Covid-19 Coronavirus

Chief Minister's statement on COVID-19 - 28 May 2020

Thursday, 28 May 2020

Good afternoon 

Let’s start this evening’s briefing with the Health & Social Care Minister bringing us today’s numbers. I know the Minister also wants to update you on some testing related news.

Thank you, David. 

In our Stay Safe roadmap document – that was endorsed by Tynwald on 5 May - we described how we would approach decision making through this pandemic. We of course want to do what is best for the Island, balancing some really tricky issues.  

We had to balance COVID challenges – that we understood so little about – with the needs of our people, our society and our economy.  

As I have said so often, I think that as an Island community we have done incredibly well. We went in hard at the start and hammered those curves.  

We are doing some work to publish a new range of reports and charts. I know for some, it has been reassuring to see that green line that bobbles along the bottom. You made that happen.  

We are now in a place where we are gradually changing those measures we had to use at the start. Every meeting of the Council of Ministers now is considering how much further we can go to give you your lives back. How much further we can go in the journey towards our new Manx normal.  

I know that some of you have found it frustrating. You want us to move faster. I get that. Some of you are still worried about the virus and are not ready to make big changes. I get that too.  

But I have to tell you, I am delighted that our toughest challenge at the moment is about how we can best step out of your lives. When this virus first came to our Island, I had prepared myself for an altogether more bloody battle.  

As I told Tynwald this week, I will never forget the lives that have been lost on our Island. We have mourned too much.  

But after some dark days, I do think I can start to see the light at the end of the tunnel. It is still some way off, but it is there.  

I have talked here about game changers. The ultimate game changer would of course be a vaccine. But despite a global campaign, this still seems a long way off. We cannot bank on that coming any time soon.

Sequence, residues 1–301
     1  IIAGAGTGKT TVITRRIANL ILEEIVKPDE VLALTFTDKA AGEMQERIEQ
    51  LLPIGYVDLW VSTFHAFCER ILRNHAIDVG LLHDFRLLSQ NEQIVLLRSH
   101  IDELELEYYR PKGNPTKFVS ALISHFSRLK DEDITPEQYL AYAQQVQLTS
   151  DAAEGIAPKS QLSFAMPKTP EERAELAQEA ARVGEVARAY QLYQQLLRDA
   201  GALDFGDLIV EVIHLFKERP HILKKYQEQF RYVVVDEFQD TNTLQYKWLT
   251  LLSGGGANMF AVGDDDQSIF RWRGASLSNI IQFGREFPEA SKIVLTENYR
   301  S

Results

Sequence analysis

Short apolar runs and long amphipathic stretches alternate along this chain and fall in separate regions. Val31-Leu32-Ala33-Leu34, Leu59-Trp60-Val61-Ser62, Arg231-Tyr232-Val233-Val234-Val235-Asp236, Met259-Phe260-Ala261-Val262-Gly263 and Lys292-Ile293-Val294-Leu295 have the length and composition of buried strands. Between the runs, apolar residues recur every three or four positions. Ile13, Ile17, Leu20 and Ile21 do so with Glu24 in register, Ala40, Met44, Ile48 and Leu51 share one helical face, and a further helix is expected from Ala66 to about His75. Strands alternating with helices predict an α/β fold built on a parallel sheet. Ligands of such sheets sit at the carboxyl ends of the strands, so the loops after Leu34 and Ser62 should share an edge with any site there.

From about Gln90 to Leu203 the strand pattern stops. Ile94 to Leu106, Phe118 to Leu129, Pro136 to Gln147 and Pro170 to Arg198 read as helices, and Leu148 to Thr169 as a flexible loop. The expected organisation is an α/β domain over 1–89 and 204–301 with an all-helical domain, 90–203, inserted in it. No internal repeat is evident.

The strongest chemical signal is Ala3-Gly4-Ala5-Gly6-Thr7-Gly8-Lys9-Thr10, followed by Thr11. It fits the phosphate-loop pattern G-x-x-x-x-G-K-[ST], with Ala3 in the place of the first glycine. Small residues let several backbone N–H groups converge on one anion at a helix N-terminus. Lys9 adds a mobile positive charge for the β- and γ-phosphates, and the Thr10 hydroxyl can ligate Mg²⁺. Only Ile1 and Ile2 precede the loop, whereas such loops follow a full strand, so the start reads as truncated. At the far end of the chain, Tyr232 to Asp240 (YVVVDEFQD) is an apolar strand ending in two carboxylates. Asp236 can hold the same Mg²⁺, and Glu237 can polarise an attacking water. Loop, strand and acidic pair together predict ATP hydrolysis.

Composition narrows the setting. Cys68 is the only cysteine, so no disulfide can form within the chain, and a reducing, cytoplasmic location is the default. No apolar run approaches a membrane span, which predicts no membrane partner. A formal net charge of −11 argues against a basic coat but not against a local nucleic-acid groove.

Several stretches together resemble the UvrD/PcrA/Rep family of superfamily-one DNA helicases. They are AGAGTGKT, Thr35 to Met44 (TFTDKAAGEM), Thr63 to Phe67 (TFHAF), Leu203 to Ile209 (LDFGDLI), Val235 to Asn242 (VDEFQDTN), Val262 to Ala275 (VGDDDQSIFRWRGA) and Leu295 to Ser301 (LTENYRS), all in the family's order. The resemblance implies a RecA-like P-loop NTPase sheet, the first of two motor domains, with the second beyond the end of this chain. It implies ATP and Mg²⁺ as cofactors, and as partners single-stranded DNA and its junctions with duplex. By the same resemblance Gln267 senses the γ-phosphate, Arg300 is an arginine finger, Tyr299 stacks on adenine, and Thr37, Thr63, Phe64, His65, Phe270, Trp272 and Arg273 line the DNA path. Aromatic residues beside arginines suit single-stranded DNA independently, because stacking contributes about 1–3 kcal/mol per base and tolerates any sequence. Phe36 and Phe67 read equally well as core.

Another game changer could be the antibody testing. Unlike the vaccine, this is with us now. And because of some excellent work by the Department of Health & Social Care, we are close to being able to start our on-Island testing programme. The Council of Ministers today endorsed a testing strategy put to us by the Department of Health & Social Care. I know that the Minister will make detailed announcements about this as soon as possible.  

But as I said in Tynwald this week, it will not allow us to see everything and know everything.  

Yes, it will allow us to know if a person has had the virus. But there is no global agreement as to whether someone who has recovered from the virus is immune for ever, for a while, or at all. But the antibody testing will change our understanding of the virus on our Island.

Back to the Stay Safe roadmap. What we have tried to do is make changes in fortnightly cycles. This is so that we can see any effects and assess if it is safe to move onto the next steps.  

Do you remember all the way back to 24 April? It does seem like an eternity ago. On that day we started our Stay Safe plan with its Phase One. We brought back construction, trades and horticulture. We also allowed some sports to resume.  

There was no impact on the number of confirmed cases that we could link to these changes.  

Two weeks later – on 7 May – we moved into Phase Two. We laid out the pathway for our retail sector, our services and our non-essential healthcare to start to return. Some of this took a while to come fully online – retail on 18 May for example. And some businesses have decided they are not yet ready. But I am pleased how this is going so far.  

And most importantly, again there was no impact on the number of cases that we could link to these changes.  

Then another two weeks later – on 21 May – we started Phase Three. This included giving the green light to a number of sectors from 1 June, including outdoor dining, the beauty and hair sector, self-catering accommodation and more besides.  

In parallel of course, we have been able to make announcements about our schools reopening. And I know that schools are now at an advanced stage of preparation to welcome our children back in a phased and safe way.  

There are two things from today’s Council of Ministers that I wanted to share with you.  

There are a couple of changes that we have decided today. Given the huge changes we announced last week, the changes we agreed today are more modest – but important.  

Firstly, we have agreed in principle that we should explore ways to allow our returning residents to do so through air routes if they need to or it is safer to do so. We will also consider allowing them to isolate in a shared house, provided everyone else in that house is also prepared to go into self-isolation. 

We have asked for this detail to be finalised so that we can communicate how this will work next week. We expect these changes to be live no later than 11 June.